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CCP says IT ministry encroaching upon its jurisdiction

ISLAMABAD: The Competition Commission of Pakistan (CCP) has accused the Ministry of Information Technology of encroaching upon its jurisdiction by taking over the role of assessing the competition behaviour in the telecommunication sector.

In a strong-worded policy note the antitrust watchdog sent to the federal government on November 10, the CCP has warned that any such attempt will be seen as ‘negation of roles’ assigned in the Constitution of Pakistan.

The CCP has urged the government to review the Telecom Policy, 2015 in relation to the Competition Rules for the telecom sector, as the competition issue was legally the sole jurisdiction of CCP under the Competition Act, 2010.

“The Telecom Policy 2015 may be reviewed with particular attention to the competition matters, to avoid any actual or potential conflict between the explicit mandate of Pakistan Telecommunication Authority (PTA) and jurisdiction of the CCP,” according to the note.

The policy note has also emphasised on the need for collaboration between CCP and PTA to avoid any actual or potential conflicts in the future, to ensure a healthy competition culture and a higher growth rate in the telecom sector and related markets in Pakistan.

CCP’s redundancy

The CCP is an autonomous quasi-judicial body responsible to implement the Competition Act. However, in recent years the antitrust watchdog has remained unable to exert itself.

The national competition authorities are best equipped to deal with behavioural issues, to ensure free competition and to protect consumers from anticompetitive practices by dominant undertakings and cartels by ex-post enforcement of competition law, said the CCP. It said that the sector regulators are better equipped to deal with structural matters as has been envisaged in their respective legislations.

The CCP has observed that the Clause 5.1 of the Telecom Policy 2015 formulated and issued by the Ministry of Information Technology provides for the making of competition rules exclusively for regulation of ex-post competition issues in the telecommunication sector by the PTA.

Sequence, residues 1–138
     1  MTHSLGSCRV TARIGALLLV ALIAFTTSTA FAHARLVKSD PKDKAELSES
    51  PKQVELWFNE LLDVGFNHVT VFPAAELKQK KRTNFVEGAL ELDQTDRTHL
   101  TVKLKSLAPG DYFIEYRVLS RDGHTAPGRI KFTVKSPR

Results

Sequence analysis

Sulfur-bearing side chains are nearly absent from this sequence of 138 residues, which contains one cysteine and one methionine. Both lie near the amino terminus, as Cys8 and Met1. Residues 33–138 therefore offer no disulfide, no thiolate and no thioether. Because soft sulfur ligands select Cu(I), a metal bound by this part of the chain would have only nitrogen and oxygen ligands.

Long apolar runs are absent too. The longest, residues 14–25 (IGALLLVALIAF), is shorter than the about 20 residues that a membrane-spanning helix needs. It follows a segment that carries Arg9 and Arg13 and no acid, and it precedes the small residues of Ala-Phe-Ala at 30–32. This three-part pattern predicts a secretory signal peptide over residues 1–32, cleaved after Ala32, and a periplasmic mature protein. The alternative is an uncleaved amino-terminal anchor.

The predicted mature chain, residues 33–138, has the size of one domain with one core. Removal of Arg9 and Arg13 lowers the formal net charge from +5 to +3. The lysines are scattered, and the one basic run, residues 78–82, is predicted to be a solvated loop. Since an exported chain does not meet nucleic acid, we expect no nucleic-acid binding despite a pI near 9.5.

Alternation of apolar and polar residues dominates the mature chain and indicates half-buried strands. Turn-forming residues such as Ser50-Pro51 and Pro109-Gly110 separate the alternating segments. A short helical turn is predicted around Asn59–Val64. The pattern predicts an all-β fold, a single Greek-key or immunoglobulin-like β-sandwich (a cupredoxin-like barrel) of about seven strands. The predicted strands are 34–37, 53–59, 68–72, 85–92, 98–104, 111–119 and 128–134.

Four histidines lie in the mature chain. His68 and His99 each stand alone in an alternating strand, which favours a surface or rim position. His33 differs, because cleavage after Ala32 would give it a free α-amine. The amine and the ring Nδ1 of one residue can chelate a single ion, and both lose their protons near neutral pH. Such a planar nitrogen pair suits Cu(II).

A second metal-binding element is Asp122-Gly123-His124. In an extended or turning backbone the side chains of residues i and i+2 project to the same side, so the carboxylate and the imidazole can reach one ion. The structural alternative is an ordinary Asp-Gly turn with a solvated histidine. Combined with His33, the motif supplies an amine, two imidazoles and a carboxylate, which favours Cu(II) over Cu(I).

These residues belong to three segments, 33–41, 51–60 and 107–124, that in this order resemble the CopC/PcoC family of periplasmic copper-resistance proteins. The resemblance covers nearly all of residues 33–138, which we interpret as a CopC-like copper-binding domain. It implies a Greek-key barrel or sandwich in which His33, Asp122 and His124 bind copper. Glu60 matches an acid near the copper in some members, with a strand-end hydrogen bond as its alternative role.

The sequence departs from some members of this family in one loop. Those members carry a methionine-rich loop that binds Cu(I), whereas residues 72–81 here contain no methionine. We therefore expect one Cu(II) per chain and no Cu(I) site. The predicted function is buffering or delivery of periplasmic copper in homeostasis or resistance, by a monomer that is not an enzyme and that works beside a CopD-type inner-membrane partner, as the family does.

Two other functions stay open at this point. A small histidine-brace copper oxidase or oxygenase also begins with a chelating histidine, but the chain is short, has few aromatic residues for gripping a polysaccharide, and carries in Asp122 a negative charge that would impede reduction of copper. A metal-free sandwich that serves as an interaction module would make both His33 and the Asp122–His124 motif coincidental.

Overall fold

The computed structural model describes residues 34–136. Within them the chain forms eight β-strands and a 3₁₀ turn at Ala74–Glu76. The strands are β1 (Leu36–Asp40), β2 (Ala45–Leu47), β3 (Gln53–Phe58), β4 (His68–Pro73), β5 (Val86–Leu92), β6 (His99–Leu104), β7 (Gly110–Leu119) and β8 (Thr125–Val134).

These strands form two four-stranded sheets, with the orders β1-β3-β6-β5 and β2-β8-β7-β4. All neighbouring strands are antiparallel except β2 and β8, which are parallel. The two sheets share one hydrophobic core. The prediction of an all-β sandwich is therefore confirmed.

“The Competition Act being an Act of Parliament takes precedence over the Rules being framed by MoIT which is a subordinate legislation,” it added. Hence, the Competition Act shall prevail in the event of any conflict or overlap between the CCP’s mandate and that of any other regulatory or public body in Pakistan to the extent of matters covered under the Competition Act.

PTA’s empowerment

Empowering PTA to regulate competition related matters in the telecom sector will not only create redundant duplication of jurisdictions but also engender legal uncertainty for the telecom operators and consumers as well as wastage of state resources, warned the watchdog.

The policy note underscored that the framing of the Rules by the MoIT will result in the negation of the exclusive mandate, enforcement powers and purpose on which the whole edifice of competition regime was built by the Parliament through the Competition Act.

The Article 18 of the Constitution clearly marks the distinction between the regulation of any trade and profession through a licensing system, it added.

“In the presence of a national competition authority established through an Act of Parliament, any attempt to create overlaps between the mandate of PTA and jurisdiction of the Commission by making of Rules by MoIT shall be a negation of the roles distinctively demarcated in Article 18 of the Constitution”.

The CCP said that the PTA’s role as a sector regulator was limited to regulation of technical and economic issues in the telecom sector. Therefore, making of rules to regulate ex-post anticompetitive behaviours in the market is in conflict with the intent of the legislature.

Courtesy : Express Tribune



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